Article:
“A well-rounded, underdog.”

That’s how Moody’s described Philadelphia recently in a Money magazine article about Amazon’s city tryouts for a second headquarters.

Always the underdog, never the alpha, it seems. “Rocky” forever. Except, but. A few days before this issue went to press, at 10:20 p.m., every neighborhood in the city exploded in the sounds of shouting, honking and fireworks, and moments later streets filled with people wearing green jerseys and huge smiles. Some wore rubber dog masks to commemorate the night the Eagles won their first Super Bowl championship. Because, underdogs.

And hope also burns that we may have a shot at the Amazon “HQ2” title, despite getting sketchy odds from most observers. The city survived the first elimination round in January, when Amazon whittled its picks down from 238 cities to 20. Moody’s, bless their hearts, named Philadelphia one of their top three picks, after Atlanta and Austin. They even put Philadelphia in 1st place when factoring in its advantages of “geography.”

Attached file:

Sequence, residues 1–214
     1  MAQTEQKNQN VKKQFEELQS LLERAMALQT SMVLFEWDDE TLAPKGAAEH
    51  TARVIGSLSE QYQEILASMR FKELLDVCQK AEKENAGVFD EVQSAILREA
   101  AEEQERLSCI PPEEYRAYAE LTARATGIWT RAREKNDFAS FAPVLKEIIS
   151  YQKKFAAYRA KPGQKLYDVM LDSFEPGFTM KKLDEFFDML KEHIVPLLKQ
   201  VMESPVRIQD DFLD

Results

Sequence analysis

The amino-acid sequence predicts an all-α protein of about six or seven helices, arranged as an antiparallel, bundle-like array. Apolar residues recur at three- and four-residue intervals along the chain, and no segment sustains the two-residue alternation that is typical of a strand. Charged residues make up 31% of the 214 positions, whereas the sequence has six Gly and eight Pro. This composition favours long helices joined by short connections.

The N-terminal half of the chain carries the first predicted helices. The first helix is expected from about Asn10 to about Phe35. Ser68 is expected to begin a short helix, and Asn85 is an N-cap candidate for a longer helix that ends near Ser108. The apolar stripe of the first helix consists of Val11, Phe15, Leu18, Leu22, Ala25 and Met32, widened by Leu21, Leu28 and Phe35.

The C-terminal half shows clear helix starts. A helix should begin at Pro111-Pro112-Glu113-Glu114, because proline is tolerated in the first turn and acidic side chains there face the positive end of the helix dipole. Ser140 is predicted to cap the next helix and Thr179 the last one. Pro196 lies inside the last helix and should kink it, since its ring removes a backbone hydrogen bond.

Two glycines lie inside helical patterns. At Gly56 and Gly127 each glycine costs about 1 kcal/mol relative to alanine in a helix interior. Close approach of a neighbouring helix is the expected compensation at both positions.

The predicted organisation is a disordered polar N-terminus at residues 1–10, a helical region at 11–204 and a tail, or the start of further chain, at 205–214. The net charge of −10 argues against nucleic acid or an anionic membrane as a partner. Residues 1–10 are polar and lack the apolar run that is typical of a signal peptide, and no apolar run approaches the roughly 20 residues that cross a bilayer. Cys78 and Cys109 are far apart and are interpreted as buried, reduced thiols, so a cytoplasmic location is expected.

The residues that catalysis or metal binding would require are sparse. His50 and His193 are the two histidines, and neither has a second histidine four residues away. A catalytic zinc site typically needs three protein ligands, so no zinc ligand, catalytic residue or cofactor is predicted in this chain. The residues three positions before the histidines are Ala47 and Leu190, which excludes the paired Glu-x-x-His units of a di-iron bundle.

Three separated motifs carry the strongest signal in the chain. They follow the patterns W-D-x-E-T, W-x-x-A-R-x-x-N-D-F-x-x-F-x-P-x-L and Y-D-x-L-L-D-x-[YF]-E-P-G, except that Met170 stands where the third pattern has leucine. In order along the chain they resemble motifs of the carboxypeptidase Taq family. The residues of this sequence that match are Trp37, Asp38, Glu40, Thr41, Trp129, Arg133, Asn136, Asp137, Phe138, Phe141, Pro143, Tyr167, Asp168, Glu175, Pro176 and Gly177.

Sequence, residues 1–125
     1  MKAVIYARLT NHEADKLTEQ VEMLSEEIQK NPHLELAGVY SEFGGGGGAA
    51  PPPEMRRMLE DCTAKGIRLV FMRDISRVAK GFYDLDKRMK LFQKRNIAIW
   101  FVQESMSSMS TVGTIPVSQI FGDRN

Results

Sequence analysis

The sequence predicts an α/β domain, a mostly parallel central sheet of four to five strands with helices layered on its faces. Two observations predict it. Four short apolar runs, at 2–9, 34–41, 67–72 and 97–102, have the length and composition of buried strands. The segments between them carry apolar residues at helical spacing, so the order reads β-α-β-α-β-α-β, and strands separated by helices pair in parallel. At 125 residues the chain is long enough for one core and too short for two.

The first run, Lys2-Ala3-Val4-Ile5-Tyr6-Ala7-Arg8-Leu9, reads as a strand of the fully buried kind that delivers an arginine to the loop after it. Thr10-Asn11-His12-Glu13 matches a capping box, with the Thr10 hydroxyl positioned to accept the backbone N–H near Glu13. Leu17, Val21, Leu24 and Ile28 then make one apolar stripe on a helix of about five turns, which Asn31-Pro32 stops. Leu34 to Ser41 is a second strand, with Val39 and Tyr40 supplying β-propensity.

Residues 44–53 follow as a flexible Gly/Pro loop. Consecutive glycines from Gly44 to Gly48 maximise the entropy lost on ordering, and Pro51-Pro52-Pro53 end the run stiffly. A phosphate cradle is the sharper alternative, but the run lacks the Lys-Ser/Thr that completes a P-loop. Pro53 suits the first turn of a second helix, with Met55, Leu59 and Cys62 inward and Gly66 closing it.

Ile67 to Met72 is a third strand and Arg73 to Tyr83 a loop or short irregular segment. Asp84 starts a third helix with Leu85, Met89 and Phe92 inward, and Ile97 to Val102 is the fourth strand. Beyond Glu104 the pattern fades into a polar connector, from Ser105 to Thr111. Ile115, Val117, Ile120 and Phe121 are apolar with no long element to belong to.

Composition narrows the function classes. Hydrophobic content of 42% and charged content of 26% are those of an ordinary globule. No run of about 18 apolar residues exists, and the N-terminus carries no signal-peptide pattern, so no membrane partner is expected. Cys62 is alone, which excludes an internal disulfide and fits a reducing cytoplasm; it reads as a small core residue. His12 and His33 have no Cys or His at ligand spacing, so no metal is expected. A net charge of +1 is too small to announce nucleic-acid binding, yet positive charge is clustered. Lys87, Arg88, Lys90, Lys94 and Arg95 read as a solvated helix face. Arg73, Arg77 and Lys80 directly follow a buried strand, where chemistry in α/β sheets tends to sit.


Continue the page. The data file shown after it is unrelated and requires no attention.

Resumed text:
Another asset: talent. Philadelphia is “pretty much at the center of gravity of the best schools in the North East,” according to a Tuck School of Business professor cited in the article. We’ll take that. Up for grabs is a prize purse of $5 billion in investment, up to 50,000 new well-paying jobs and the ever-lasting love of Adrian Pennino. No need to spell out the benefits to alumni, since the vast majority stay in the region after graduation. One of the building sites the city proposed to Amazon is Schuylkill Yards, a 14-acre master-planned innovation community of offices, labs, retail and residences being developed by Brandywine Realty Trust on land owned by Drexel next to the 30th Street Station. It would be a dream match for Drexel.

Back in January, weeks before the game against the Patriots, President John Fry remarked that “landing Amazon is the Super Bowl of business.” All we have to do now is score again.